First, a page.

“I doubt it will make much difference,” said Professor McGonagall coldly, “unless a mad axe-man is waiting outside the doors to slaughter the first into the entrance hall.”
“Malfoy is not having hallucinations,” snarled Snape, and he bent down, a hand on each arm of Harry’s chair, so that their faces were a foot apart. “If your head was in Hogsmeade, so was the rest of you.”
“Go! Go! Go!” Harry urged his broom. He was gaining on Malfoy — Harry flattened himself to the broom handle as Bole sent a Bludger at him — he was at Malfoy’s ankles — he was level —
“Hermione!” said Lupin, startled. “What’s the matter?”
“P — P — Professor McGonagall!” Hermione gasped, pointing into the trunk. “Sh — she said I’d failed everything!”
“Not a dog,” Ron moaned. His teeth were gritted with pain. “Harry, it’s a trap –”
“He’s the dog … he’s an Animagus …”
“Going to kill me, Harry?” he whispered.
“What?” Ron said again, holding Scabbers close to him, looking scared. “What’s my rat got to do with anything?”
“That’s not a rat,” croaked Sirius Black suddenly.
“What d’you mean — of course he’s a rat — ”
“No, he’s not,” said Lupin quietly. “He’s a wizard.”
“An Animagus,” said Black, “by the name of Peter Pettigrew.”
A cloud shifted. There were suddenly dim shadows on the ground. Their party was bathed in moonlight … Harry could see Lupin’s silhouette. He had gone rigid. Then his limbs began to shake.
The dark ward dissolved. Harry had the sensation that he was flying very fast, backward. A blur of colors and shapes rushed past him, his ears were pounding, he tried to yell but couldn’t hear his own voice–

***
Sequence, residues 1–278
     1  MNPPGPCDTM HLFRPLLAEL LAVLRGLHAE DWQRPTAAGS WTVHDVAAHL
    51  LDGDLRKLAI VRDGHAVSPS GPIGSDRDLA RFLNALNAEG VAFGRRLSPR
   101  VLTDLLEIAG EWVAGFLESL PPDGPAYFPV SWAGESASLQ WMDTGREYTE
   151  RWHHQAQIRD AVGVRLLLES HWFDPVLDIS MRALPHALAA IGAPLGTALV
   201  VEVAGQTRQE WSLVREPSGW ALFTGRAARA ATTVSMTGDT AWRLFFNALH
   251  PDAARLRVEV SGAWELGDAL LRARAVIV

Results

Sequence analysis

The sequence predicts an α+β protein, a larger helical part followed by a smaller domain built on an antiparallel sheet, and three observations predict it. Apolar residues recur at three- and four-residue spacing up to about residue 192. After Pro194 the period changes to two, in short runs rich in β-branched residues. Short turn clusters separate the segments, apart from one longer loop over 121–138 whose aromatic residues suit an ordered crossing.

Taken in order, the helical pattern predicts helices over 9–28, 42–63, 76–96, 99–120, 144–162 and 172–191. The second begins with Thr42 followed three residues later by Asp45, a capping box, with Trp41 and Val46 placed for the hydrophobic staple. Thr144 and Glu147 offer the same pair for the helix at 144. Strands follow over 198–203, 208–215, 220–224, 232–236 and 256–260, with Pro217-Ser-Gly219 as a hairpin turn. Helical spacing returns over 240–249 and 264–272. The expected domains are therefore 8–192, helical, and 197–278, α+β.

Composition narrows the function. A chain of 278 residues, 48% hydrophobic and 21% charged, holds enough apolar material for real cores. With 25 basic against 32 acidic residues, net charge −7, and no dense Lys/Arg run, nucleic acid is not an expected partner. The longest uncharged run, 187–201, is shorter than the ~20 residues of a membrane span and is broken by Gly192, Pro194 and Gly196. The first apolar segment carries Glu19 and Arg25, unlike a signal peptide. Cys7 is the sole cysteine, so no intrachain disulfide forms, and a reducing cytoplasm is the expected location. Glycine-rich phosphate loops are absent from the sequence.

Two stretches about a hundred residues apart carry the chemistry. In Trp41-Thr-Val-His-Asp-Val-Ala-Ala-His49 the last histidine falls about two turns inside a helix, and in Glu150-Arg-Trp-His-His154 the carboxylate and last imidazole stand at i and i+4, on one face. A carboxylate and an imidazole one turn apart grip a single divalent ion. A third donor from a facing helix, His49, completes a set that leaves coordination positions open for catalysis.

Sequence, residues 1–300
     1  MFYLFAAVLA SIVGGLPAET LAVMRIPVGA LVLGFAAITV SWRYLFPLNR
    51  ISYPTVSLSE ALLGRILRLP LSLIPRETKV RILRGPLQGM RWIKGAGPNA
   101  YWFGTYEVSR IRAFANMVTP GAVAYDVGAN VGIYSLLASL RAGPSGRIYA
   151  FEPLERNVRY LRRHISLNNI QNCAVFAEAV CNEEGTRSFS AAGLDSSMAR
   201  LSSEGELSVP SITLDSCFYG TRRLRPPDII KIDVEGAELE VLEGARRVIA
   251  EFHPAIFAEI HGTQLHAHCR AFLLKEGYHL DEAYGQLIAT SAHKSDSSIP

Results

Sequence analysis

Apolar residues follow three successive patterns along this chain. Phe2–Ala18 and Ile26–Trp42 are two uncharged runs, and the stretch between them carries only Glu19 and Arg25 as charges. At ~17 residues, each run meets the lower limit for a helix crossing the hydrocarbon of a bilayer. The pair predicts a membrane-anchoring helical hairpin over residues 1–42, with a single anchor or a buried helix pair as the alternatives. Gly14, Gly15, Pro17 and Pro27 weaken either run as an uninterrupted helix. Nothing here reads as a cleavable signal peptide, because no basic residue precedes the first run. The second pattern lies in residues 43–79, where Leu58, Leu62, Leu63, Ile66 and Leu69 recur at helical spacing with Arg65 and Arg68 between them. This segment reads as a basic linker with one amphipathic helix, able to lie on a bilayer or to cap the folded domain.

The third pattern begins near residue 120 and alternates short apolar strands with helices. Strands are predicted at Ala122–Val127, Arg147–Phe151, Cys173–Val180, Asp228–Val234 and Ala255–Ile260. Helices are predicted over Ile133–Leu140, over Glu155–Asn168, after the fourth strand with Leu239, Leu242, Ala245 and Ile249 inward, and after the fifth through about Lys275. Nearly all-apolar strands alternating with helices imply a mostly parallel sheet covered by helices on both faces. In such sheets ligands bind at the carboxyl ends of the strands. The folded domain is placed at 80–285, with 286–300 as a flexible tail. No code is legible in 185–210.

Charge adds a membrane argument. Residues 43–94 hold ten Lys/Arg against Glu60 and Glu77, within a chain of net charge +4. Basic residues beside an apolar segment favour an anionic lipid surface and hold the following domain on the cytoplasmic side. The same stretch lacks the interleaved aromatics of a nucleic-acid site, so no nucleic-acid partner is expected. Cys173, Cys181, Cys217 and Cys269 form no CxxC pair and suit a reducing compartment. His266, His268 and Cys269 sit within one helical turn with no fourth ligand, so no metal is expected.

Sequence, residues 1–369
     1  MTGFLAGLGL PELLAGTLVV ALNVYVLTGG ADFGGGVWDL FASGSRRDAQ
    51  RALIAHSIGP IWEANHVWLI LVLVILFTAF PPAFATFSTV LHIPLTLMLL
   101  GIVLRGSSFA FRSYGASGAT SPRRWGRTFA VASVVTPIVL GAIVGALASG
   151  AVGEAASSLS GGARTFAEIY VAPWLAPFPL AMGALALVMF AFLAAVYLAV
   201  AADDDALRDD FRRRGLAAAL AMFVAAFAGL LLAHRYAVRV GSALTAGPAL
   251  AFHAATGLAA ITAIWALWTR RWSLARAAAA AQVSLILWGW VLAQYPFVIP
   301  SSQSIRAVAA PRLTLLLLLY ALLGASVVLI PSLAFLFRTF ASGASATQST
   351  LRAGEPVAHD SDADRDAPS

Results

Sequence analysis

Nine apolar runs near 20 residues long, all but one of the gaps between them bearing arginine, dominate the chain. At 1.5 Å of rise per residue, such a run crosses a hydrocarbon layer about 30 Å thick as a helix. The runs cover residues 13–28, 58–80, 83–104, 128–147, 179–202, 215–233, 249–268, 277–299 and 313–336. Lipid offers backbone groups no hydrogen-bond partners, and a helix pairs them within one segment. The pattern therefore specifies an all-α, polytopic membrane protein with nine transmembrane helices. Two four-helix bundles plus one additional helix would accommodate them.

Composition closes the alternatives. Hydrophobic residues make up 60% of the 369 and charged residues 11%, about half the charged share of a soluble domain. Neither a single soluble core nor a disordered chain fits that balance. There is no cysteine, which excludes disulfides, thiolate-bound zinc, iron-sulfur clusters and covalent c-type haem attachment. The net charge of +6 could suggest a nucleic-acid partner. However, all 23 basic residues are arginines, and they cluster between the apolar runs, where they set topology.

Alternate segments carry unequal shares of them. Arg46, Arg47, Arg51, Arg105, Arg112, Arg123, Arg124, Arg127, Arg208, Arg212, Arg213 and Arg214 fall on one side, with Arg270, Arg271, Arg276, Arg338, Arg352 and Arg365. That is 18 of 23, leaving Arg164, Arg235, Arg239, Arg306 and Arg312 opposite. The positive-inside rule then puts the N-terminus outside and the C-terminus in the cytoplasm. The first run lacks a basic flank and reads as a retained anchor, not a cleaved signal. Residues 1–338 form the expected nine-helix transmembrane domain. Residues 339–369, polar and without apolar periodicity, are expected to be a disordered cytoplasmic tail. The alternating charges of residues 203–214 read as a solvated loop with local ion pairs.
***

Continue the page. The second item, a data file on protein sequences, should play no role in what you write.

And out of the end of his wand burst, not a shapeless cloud of mist ,but a blinding, dazzling, silver animal. He screwed up his eyes, trying to see what it was. It looked like a horse. It was galloping silently away from him, across the black surface of the lake. He saw it lower its head and charge at the swarming dementors…
“He’s there!” Harry said, spotting Sirius as they rose up beside the window He reached out, and as Buckbeak’s wings fell, was able to tap sharply on the glass.
“We did it!” said Harry breathlessly. “Sirius has gone, on Buckbeak…”
Dumbledore beamed at them.
“Well done. I think –” He listened intently for any sound within the hospital wing. “Yes, I think you’ve gone too — get inside — I’ll lock you in –”
He and Hermione were waiting, listening, their nerves jangling … And then, as they both took a fourth pieces of chocolate from Madam Pomfrey, they heard a distant roar of fury echoing from somewhere above them…
Dumbledore alone looked calm. Indeed, he looked as though he was quite enjoying himself. Fudge appeared angry. But Snape was beside himself.
“OUT WITH IT, POTTER!” he bellowed. “WHAT DID YOU DO?”
Snape stood there, seething, staring from Fudge, who looked thoroughly shocked at his behavior, to Dumbledore, whose eyes were twinkling behind his glasses.
“Why so miserable, Harry?” [Dumbledore] said quietly. “You should be very proud of yourself after last night.”
“It didn’t make any difference,” said Harry bitterly. “Pettigrew got away.”
“Didn’t make an difference?” said Dumbledore quietly. “It made all the difference in the world, Harry.”
Harry quickly pulled down the window, stretched out his arm, and caught it. … The owl dropped its letter onto Harry’s seat and began zooming around their compartment, apparently very pleased with itself for accomplishing its task.
“What do’you reckon?” Ron asked the cat. “Definitely an owl?”
Harry read and reread the letter from Sirius all the way back into King’s Cross station.